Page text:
Cultural differences when raising children
- Your cultural background can influence how you raise your children.
- You may have different parenting views to your family members, which can be stressful for your child.
- Find common ground and involve both cultures in your child’s life, so they feel a sense of belonging and security.
- Teach your child about cultural differences outside of the home. This helps them respect others and themselves.
How do cultural differences affect parenting?
Your cultural background will influence how you raise your children. You may have certain ideas about:
- sleeping arrangements
- children’s responsibilities
- how independent children are
- who looks after the children
- how much time you spend with your children
Some cultures expect children to be quiet and always respect their elders. Other cultures encourage children to speak up and be independent.
How do I handle cultural clashes in my home?
It’s common for parents and families to disagree about how to raise a child.
Disagreement in a multicultural home can be upsetting for your child, and conflicting rules can confuse them. They may also feel like they have to choose one culture over the other, which can be stressful.
If you and your partner are from different cultures, you might have different ideas. Communication is the key to overcoming these issues.
Regardless of your cultural background, you should talk to your partner about how you want your family to be. Try to find creative ways to raise your child in both cultures by:
- speaking to your child in more than one language
- telling them stories about your culture
- involving them in traditional celebrations
With your partner, discuss which traditions and values you would like your family to follow. If you disagree, try to find the middle ground. This will help your child feel safe and secure with both of you. It will also help them learn about your cultures and feel they belong.
If you experience cultural conflict in your extended family, you and your partner should work as a team.
Once you and your partner agree on a parenting issue, discuss your decision with other family members, such as grandparents.
Family members often just want the best for you and your child. You can set boundaries to help you work together as a family to care for your child. Communicate with your partner and family by:
- standing up for yourself while still respecting their beliefs and feelings
- speaking calmly and firmly
- providing constructive criticism but not placing blame
- using calm, open body language
- reminding them that you appreciate the good things they bring to the relationship
- thanking them when they respect your boundaries
How do I handle cultural clashes outside of my home?
Australia is a multicultural society. This means that everyone is free to express and share their culture.
You might notice differences in how children are raised in Australia compared with what you are used to.
These differences can affect how your children view your parenting style and can cause tensions as your children grow older.
Healthcare, childcare and education
Sometimes you may notice cultural differences when your child goes to childcare or school, or when you visit the doctor or other healthcare services. You might also notice differences when you visit with friends.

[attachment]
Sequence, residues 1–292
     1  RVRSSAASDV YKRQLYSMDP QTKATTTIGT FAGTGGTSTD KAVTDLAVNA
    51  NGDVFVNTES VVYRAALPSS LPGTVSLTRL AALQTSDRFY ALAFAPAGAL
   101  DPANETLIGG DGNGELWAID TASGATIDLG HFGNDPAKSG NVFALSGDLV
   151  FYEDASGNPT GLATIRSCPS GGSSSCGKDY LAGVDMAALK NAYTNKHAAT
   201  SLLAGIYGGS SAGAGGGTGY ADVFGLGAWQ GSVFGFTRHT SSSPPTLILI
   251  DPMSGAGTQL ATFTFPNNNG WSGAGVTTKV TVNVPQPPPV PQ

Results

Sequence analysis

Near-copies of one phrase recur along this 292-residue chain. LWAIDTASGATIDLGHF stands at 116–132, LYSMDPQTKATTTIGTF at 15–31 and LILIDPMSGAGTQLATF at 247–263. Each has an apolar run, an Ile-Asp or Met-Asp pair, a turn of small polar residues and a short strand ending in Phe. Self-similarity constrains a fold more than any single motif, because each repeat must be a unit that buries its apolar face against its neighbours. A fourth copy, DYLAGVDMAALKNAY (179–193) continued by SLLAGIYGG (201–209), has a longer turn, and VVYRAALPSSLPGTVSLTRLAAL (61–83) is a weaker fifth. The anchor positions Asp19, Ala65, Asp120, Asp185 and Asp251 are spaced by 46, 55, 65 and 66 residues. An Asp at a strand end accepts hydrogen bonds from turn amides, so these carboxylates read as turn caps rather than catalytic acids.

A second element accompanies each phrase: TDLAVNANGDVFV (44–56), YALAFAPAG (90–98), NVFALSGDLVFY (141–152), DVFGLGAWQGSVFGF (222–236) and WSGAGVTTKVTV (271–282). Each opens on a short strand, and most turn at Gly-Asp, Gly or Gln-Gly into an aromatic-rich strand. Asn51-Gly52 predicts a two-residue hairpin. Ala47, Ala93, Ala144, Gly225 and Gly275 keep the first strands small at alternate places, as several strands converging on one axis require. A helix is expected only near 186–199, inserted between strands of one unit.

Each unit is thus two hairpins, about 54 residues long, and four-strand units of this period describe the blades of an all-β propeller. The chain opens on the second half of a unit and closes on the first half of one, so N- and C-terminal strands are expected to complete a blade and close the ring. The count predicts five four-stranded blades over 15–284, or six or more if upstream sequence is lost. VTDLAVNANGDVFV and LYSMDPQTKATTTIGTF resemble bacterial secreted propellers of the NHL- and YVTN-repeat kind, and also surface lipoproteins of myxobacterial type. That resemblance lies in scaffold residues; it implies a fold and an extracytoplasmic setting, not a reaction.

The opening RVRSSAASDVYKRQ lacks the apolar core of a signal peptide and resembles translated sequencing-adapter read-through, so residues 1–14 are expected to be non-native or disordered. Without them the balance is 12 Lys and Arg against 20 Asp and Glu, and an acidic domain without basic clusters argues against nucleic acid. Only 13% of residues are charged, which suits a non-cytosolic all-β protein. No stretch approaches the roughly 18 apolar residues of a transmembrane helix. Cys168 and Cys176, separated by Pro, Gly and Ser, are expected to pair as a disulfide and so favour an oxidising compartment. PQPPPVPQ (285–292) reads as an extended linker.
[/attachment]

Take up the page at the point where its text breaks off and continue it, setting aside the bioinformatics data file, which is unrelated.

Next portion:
It’s understandable that you might worry that your children will lose traditional values when they are exposed to Australian people or schools. You might also feel sad that your child is having different experiences than you did at their age and not quite understand what to do.
Your child may also be confused by different practices outside of your home.
If this is the case, talk to the staff at your child’s school or childcare centre, or at the doctor’s office, about how you can work together to meet your family’s cultural needs.
Staff will be able to support you better when they understand and respect your culture. This can help you feel more comfortable and provide the best support for your child.
It’s important for children to experience other cultures so that they learn to:
- respect other cultures and people
- respect themselves and their culture
- overcome discrimination
A lack of respect can lead to cultural discrimination. This can affect your child later in life, and cause feelings of:
- distrust and isolation
- depression and anxiety
- anger and frustration
You can encourage cultural acceptance by:
- avoiding anger and conflict in front of your child
- assuring your child that they’re not alone in their experiences
- involving them in your culture
- having pride in your culture, and talking positively about others
- encouraging them to have multicultural experiences, through music, art, and friendships
- talking with them about stereotypes, and how discrimination is wrong
Resources and Support
You can learn more here about the culture of parenting in Australia.
Hear from other parents on how they experienced parenting and raising children in Australia.
You can find information and support about family relationships here:
- Family Relationships Online — 1800 050 321
- Relationships Australia — 1300 264 277
Call Pregnancy, Birth and Baby on 1800 882 436 for support and advice. You can use the Translating and Interpreting Service to call.
Speak to a maternal child health nurse
Call Pregnancy, Birth and Baby to speak to a maternal child health nurse on 1800 882 436 or video call. Available 7am to midnight (AET), 7 days a week.
Learn more here about the development and quality assurance of healthdirect content.
Last reviewed: February 2023